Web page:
Head of Miss. Community College Board To Retire
Clark Will Step Down After Heading System Since 2008
JACKSON, Miss. (AP) — Mississippi Community College Board Executive Director Eric Clark has announced that he will retire at the end of June 2015.
Since 2008, Clark has led the board that coordinates the operations of the state’s 15 community colleges, which are governed by local boards.
Clark, 63, made the announcement during a state board meeting.
He told The Associated Press he will have 40 years in the state retirement system by next summer, dating to when he started teaching at Taylorsville High School. Clark, who holds a doctorate in history from Mississippi State University, has taught history and government at Taylorsville High, Jones County Junior College, Mississippi College, and Belhaven University.
“It’s just time for me to make a change,” he said. “I look forward to having more time to be with my family. I look forward to having more time to do church work. And I look forward to finding out what job opportunities are out there.”
Clark, a Democrat, served three terms as secretary of state from 1996 to 2008. Before that, he served 16 years in the state House, representing Jones, Smith and Covington counties.
Now a Brandon resident, Clark said he does not intend to run for office. He said that since he’s been executive director of the board, it has improved its internal operations and negotiated an agreement with the College Board allowing for smoother transfers between community colleges and Mississippi’s eight public universities.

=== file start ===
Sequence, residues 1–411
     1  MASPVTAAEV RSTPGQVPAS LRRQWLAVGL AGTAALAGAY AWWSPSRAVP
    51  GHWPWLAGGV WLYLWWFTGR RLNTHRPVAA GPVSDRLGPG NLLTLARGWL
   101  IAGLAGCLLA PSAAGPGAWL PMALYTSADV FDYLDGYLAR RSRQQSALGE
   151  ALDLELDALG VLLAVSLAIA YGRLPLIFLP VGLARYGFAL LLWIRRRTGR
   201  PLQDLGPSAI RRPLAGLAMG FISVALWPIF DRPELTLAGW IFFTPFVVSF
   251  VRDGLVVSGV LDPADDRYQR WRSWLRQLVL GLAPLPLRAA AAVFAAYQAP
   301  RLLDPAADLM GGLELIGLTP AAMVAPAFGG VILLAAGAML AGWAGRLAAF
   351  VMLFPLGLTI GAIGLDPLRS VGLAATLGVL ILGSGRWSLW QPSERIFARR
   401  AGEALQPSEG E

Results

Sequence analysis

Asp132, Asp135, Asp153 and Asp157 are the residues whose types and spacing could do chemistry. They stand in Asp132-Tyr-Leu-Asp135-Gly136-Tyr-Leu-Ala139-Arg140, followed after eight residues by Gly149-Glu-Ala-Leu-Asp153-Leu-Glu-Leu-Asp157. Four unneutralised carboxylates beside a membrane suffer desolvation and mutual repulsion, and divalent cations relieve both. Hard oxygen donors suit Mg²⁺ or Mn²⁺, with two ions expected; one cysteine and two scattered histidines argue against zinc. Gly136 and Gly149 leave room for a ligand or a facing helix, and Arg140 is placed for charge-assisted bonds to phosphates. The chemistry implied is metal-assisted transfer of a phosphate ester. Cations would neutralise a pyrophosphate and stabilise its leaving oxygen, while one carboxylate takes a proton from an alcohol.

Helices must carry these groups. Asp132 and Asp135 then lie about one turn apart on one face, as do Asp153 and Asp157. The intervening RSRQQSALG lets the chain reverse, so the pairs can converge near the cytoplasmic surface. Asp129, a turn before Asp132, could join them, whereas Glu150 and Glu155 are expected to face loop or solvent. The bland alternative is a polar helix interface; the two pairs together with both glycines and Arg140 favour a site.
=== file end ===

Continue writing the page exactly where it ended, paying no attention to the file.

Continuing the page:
He also said the board has improved remedial education and developed better ways to measure colleges’ performance.
“I have tried had to make the people of the state, and particularly legislators, understand that the community colleges are a co-equal partner with K-12 and the universities in educating the citizens of our state and I think we’ve made some progress.”
Bruce Martin of Meridian, chairman of the Community College Board, praised Clark’s stewardship of the college system during the recession, a period when state aid was cut at the same time that enrollment ballooned to record levels, hitting nearly 90,000 students in 2010.
“Dr. Clark piloted the community colleges through a very financially troubling time and also met the increased demand of more people wanting to get education and job skills to come out of the recession,” Martin said.
He said he board will name a committee to thoroughly search for a replacement.
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